Most of us, when our hearts or spirits are troubled, think that the answer to our pain is understanding. If only we could know more than we do right now, if only we could learn that little piece of elusive information that would bring it all together for us and shed new light on things, if only we could understand what's happening beneath the surface of what seems like what's happening, then perhaps we wouldn't ache so much. Perhaps we wouldn't hurt so deeply.
So we spend our lives in pursuit of knowledge and understanding, even wisdom, and truly believe that if we had just a little bit more of any of these, life would just not be so hard.
But that's not, unfortunately, how wisdom and knowledge work. Not in a fallen world, not in a world marked by sin and selfishness. Not here, not now. The truth is that wisdom and knowledge do exactly the opposite for our pain than what we hope they will do: they deepen it. They intensify it. They magnify it so that what we thought was beyond what we can bear becomes unquestionably beyond what we can bear.
Thus, we weep.
This is truth according to God's Word itself, although I will say that from personal experience, I can confirm the words of the Preacher of Ecclesiastes. Here's how he says it, in Ecclesiastes 1:18: For in much wisdom is much grief: and he that increaseth knowledge increaseth sorrow. Another translation says, With a lot of wisdom comes a lot of heartache. The greater your knowledge, the greater your pain. Yet another translation says, For the greater my wisdom, the greater my grief. To increase knowledge only increases sorrow.
This is tough for most of us to swallow because in the depth of our ache, what we most often find are unanswered questions. We have this human longing to know what we do not know, thinking that it is the unknown that causes so much of our grief. But the truth is that whatever can be known leaves us more grief-stricken than what we cannot know.
Here's why: the more you know about anything in this fallen world, the more you understand about how the human heart beats in its own depravity, the more you recognize sin and selfishness...the more you realize just how far we are from where we ought to be. The more you see clearly the fallen world, the more you see clearly the unfallen world and the promise of God that it was never supposed to be this way.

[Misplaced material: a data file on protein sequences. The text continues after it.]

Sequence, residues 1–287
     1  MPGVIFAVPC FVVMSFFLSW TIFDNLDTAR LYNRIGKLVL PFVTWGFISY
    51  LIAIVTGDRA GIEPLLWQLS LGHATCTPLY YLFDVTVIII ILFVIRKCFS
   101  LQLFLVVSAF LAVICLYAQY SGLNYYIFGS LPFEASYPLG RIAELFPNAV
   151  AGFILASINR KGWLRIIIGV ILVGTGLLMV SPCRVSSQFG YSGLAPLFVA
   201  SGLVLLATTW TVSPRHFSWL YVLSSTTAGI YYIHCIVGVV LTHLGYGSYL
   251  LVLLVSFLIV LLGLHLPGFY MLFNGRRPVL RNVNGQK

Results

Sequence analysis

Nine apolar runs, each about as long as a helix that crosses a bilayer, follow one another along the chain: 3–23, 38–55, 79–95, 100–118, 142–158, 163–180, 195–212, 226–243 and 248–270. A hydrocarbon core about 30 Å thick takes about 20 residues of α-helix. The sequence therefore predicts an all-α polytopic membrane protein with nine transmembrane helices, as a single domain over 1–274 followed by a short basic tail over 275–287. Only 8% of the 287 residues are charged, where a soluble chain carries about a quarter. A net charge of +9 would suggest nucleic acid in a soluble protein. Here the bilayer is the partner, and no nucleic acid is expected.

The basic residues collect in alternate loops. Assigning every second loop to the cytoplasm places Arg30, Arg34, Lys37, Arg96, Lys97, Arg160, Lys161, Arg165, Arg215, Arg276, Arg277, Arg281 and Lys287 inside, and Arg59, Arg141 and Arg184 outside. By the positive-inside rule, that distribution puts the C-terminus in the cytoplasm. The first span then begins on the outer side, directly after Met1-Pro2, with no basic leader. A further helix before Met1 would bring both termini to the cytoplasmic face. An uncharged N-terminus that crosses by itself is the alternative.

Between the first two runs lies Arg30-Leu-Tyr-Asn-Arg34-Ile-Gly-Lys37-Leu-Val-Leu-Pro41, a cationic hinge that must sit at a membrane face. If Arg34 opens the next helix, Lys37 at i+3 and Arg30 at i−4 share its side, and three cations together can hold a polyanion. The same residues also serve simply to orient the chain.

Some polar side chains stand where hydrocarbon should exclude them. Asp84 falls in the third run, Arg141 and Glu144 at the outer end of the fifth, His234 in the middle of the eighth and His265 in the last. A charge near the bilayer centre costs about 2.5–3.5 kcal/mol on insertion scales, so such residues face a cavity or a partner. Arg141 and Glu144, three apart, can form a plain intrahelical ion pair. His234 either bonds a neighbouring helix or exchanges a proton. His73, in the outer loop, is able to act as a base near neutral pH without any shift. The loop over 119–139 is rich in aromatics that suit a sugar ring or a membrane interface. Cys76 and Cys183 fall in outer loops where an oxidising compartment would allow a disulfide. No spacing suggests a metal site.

The pain that comes from this kind of wisdom is too deep for words.
And it ruins everything, really. It turns what our sinful hearts desire on its very head and makes it almost impossible to seek the kind of resolution we dreamt so often of having. Because here's what's so troubling about the fallen world that we live in: no matter how deeply we dig under depravity, we only find more depravity. It builds upon itself and deepens and worsens as each generation gets further and further from God. The only answer this world can offer to its aches is a deeper ache, a clearer vision of just how wrong things have gone.
Every time we cry out, it wasn't supposed to be this way, we dig deeper into the problem and find out it really wasn't, but it is, because it wasn't, but it was, because it wasn't, but it was, because it wasn't...and all the way back to a tiny little fig that ruined everything.
Once you begin to see that, you can't un-see it. Ever. And the very thing that was supposed to soothe your soul, that was supposed to heal your heart, rips it all the wider open until all you can do, as the Preacher said, is grieve...and ache...and long. We long for the day when God sets it right again, when these wounds are healed, when the world is made new, and when our souls are restored from all that the troubles of this world have done to them.
And we long for the very thing that God Himself told us all along was worth longing for, to know the very thing He told us was worth knowing....to be still and to know that He is God.